On Aug. 27, 1990, when Stevie Ray Vaughan‘s helicopter crashed into a mountain near East Troy, Wisconsin, killing the Texas guitar hero and four others, the hole he left was immeasurable: “I was so numbed out from emotion that there are a lot of blank spaces in my memory,” Tommy Shannon, bassist in Vaughan’s band Double Trouble, tells Alan Paul and Andy Aledort in their new book, Texas Flood: The Inside Story of Stevie Ray Vaughan. Shannon lost a friend, the world lost perhaps its greatest living guitarist and there was something more — Vaughan, at 35, had been sober for four years after nearly killing himself with alcohol and cocaine, and was an inspiration to other recovering addicts. “Somebody asked me, ‘If you could go back and have one conversation with Stevie Ray Vaughan right now, what would you ask him?'” Paul tells Billboard, days after Texas Flood hit No. 12 on the New York Times bestseller list. “I said, ‘I don’t think I would ask him anything musical — I would tell him that, 30 years later, people are still inspired by him to change their lives.'”
Paul and Aledort, longtime Guitar World writers, pulled together the oral history from more than 100 interviews, including Aledort’s conversations with Vaughan throughout the ’80s, as well as interviews with Vaughan’s older brother, Jimmie, and members of Double Trouble, all of whom had never previously participated in biographies on the iconic artist.
Paul, 52, is my former Michigan Daily colleague; before visiting his son at the University of Colorado, he dropped by my home in Denver for an hourlong interview about the book.
Let’s talk about our mutual background discovering the blues at Rick’s American Café in Ann Arbor in the ’80s. What led you there and who did you see?
I completely stumbled into a job as a busboy at Rick’s in my first two weeks at school. I decided very consciously not to work at the Daily, at first. I’d been really involved in journalism in high school and my idea was try some other stuff and make sure I really wanted to do it. I didn’t expect I’d spend a ton of time working at a bar. It really upset my parents. My dad, especially: [If] I was going to be spending my time working, not at school, he thought it should be at the newspaper. But that time at Rick’s turned out to be surprisingly influential because I did see a ton of blues guys. Many weekends they had the Chicago circuit there — Koko Taylor, Son Seals, Lonnie Brooks, but also Albert Collins, Robert Cray, Buddy Guy, Johnny Copeland. In a weird way, it did turn out to be very influential. So, you know, take that, Dad!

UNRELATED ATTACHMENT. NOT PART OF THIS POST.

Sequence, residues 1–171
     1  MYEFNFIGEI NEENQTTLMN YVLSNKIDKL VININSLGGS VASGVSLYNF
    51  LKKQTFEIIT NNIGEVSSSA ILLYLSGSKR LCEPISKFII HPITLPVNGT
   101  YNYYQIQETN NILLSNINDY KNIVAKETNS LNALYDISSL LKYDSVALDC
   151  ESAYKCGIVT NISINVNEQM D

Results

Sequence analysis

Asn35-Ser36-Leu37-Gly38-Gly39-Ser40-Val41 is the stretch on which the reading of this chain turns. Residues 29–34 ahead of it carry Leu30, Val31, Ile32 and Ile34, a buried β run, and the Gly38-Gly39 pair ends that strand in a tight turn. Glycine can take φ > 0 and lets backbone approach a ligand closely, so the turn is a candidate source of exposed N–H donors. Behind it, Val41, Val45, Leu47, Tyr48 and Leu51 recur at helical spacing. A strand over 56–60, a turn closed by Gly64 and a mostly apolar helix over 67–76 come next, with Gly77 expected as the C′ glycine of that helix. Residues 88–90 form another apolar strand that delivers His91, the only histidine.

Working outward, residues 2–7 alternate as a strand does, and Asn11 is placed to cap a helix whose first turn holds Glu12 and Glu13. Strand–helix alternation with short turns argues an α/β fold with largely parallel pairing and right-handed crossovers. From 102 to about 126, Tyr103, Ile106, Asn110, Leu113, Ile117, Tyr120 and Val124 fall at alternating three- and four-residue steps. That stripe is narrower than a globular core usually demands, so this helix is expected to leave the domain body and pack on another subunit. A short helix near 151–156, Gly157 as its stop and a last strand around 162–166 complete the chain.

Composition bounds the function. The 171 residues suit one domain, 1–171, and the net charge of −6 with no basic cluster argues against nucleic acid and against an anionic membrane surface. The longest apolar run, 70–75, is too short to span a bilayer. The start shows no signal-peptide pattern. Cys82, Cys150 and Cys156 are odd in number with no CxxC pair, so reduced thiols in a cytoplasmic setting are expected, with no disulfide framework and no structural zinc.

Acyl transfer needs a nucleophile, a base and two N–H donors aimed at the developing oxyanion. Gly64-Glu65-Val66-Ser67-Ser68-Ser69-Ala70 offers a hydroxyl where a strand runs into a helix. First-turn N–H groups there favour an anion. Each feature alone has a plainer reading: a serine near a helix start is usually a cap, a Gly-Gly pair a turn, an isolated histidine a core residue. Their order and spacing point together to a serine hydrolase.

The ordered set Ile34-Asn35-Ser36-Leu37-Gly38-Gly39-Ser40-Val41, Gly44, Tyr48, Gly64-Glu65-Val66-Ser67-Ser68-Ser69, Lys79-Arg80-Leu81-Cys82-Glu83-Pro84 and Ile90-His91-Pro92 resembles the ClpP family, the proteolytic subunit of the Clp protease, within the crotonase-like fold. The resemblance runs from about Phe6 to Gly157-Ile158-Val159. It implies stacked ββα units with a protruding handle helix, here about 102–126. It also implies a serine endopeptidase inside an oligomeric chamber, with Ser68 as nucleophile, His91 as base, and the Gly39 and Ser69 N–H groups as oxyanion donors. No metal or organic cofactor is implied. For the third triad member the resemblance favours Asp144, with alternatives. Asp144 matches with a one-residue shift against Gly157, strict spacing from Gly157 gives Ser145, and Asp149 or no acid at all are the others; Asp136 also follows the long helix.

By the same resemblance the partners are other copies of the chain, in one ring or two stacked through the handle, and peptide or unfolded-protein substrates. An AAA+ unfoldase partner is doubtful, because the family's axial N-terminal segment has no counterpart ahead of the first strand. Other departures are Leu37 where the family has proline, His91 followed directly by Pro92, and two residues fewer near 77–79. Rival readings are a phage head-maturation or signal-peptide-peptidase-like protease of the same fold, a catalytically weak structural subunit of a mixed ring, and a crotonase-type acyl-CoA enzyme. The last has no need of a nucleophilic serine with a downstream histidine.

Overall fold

Another blues guitar great, the late Albert King, is a constant presence in Texas Flood. My favorite line is when someone says Bon Jovi invites him to perform at a show, but instead he goes to Arkansas to play cards with his girlfriend.
The quotes from Albert came from an interview I did with him in 1991. He was such a presence in Stevie’s life. Andy was supposed to interview him one time — he told Andy to go fuck himself. I was terrified he was going to do that to me. I saw him do all kinds of crazy shit onstage. He walked offstage at the Beacon [Theatre in New York] because his guitar wasn’t working. He fired a sax player on stage at the Lone Star Roadhouse [in Dallas] when I was there one time. I called the manager/booking agent, who had set up the interview, right before I left, and I said, “Hey, I want to make sure things are all set for this interview.” He said, “Oh yeah, I told Albert about it, hopefully he’ll remember and feel like doing it.” It was just luck of the draw that when I got there he did remember and he did feel like doing it.